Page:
Then the frame went up. They used regular 2x4 construction lumber, with the exception of the two taller posts that lead to the roof point. I believe those are 4x4x12. The plywood wasn't added until after the walls went up so that the walls could be trued and the structure perfectly squared.

This is what the wall looked like for the back of the coop. I am standing at the front looking in. The long, narrow area you see framed in under the windows will be where the nest box goes. Rather than cut that open right away, the guys are working on getting other more essential parts done and will come back to this in the finishing phase. Ditto for the clean-out door that will be located on the bottom left. Space for the nest box opening is 100"w x 14"h. Clean-out door is 23"h x 18"w. The inner dividing wall (giving me a storage area) is not up yet. That will come later, along with the nest boxes. (We're in a race against winter, and hoping to get the structure sealed up and roofed, as well as the run done before the ground freezes... inside stuff can be done after.) It's not a drawn-out labeled blueprint, but this should give anyone wanting to try to use this as plans for their coop the ability to see what the stud spacing and wall construction looks like. Note the thicker beams above and below the nest box, designed to support the jutting out, heavy weight. Walls were all covered with standard exterior plywood. (Worthwhile note: Make sure your wood is dry and FLAT when you purchase it, or it will warp once it's on the walls.)

This is the right side wall. You can see the main supporting beam in the center. Just a tip: The walls were built layed flat and then raised and put in place. Have your windows handy, label them with painters tape and be sure to try each window in it's space BEFORE putting the wall up. It's much easier to fix when it's all right at your feet and not over your head. Someone with a strong attention to detail will notice that in the picture, this wall appears to have 2 windows. I will save you from the entire story, but the short version is that we had an extra window, and so it went in that open space, above what is now the brooder area. (above the window you see on the ground)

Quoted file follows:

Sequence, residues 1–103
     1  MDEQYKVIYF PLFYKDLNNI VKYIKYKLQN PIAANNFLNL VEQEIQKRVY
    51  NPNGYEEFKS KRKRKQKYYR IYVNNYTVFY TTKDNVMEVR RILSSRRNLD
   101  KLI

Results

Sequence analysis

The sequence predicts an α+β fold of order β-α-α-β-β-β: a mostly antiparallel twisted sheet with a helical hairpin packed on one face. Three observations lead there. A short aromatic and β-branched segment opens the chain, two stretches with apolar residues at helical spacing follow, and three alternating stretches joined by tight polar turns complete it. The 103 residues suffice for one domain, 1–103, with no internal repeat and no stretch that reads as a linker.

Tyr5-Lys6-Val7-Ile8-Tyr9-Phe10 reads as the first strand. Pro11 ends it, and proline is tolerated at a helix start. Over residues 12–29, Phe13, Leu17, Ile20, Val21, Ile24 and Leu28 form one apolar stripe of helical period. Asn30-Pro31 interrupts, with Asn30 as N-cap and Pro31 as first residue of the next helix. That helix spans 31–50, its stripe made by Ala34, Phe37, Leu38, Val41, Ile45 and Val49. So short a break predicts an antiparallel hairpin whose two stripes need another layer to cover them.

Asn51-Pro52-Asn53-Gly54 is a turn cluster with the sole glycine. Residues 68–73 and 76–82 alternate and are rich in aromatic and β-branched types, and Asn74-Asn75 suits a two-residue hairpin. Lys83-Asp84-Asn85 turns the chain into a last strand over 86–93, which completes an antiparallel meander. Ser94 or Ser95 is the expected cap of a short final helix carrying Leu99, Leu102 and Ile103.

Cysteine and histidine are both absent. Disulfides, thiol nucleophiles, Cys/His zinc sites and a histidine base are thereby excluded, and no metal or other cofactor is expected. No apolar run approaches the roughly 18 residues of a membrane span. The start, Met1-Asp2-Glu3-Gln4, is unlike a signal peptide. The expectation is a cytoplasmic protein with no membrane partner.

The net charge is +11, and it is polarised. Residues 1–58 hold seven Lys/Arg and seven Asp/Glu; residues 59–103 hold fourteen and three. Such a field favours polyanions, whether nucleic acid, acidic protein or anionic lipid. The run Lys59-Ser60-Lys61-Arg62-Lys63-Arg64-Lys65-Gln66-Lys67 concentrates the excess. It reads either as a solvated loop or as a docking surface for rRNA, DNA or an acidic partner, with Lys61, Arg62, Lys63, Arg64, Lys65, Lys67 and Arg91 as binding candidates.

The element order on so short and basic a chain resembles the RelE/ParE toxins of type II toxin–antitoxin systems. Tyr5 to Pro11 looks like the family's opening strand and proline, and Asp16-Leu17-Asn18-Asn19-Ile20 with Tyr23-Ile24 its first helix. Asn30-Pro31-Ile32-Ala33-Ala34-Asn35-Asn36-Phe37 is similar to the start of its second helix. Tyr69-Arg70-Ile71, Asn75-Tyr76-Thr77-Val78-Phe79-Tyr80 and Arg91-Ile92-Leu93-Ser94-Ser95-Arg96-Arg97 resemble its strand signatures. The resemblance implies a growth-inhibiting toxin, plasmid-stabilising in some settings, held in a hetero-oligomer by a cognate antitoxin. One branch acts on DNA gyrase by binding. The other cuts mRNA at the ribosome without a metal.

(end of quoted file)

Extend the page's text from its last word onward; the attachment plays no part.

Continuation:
This is the left side wall. Originally, the pop door was supposed to go under the window, but it was soon discovered (AFTER building the wall, much to my DH's "joy") that that wouldn't work, due to the poop boards that extend over the space where the guillotine door mechanism was supposed to be located. So... as noted in the photo (and thankfully before any holes were cut in the siding or exterior walls!!) a support beam was added over the top of the location of the pop-door, with a 2x4 support beam added on either side to distribute the weight of the roof (indicated by the arrows) on the 2 beams that were cut. It's a good thing my DH and FIL know what they're doing... and that they are so very patient!

This is the front of the coop from the inside, left and right of the door, respectively. I couldn't get both in a single frame. The windows were supposed to be 24"h x 36"w, but there was a slight misunderstanding as to what wide and high meant and they were going to be put in the wrong way. Then it was determined that it might not be possible to get the less expensive utility windows in the tall size vs the wide size. Currently, they are still in our garage and at some later point, we will either put in 24"w x 36"h or 36"w x 36"h, depending on what size we can find. Fortunately, as you can see, they are sized for either!

Here is are images of the rafters and the main roof top support beam (can't remember what that's called) But I do know it was 4" x 4" x 14" & green treated. Not sure what the spacing was, but there were 11 of them all total, including the ones on the end. They trimmed the ends and added the fascia before adding the roof panels. There is a 12" over-hang. The beams are still visible from the underside. To get all of those rafters perfectly cut, they cut two and adjusted them til they were just right and met up at the top without any gaps. Then they used those as templates, tracing the cuts onto all the other rafters.

Roof has been papered and partly shingled. No action shots here. I can’t watch when my guys are up that high!!

Once we got the main structure built and the roof covered, we needed to shift gears for a bit, to try to beat the unpredictable (but inevitable) Minnesota winter that was quickly approaching. Work on the enclosed run started. (If the ground froze, we’d be unable to work on the run until spring)

Post holes were marked with stakes, according to measurements. We used a post-hole attachment on my DH’s tractor, but if one doesn’t have a tractor with this attachment, post-hole diggers are pretty easy to rent and use a local rental shop. Sure makes the work a lot faster. Once the holes were dug, the posts were placed and set in concrete. We used pre-packaged “post-hole concrete” – literally, pour some water in the hole, dump the bag in, pour some more water in (bag tells you how much) then give it a little stir with a stick, hold it for a minute while it starts to set, then you’re done. We used 8ft green-treated 4x4 posts.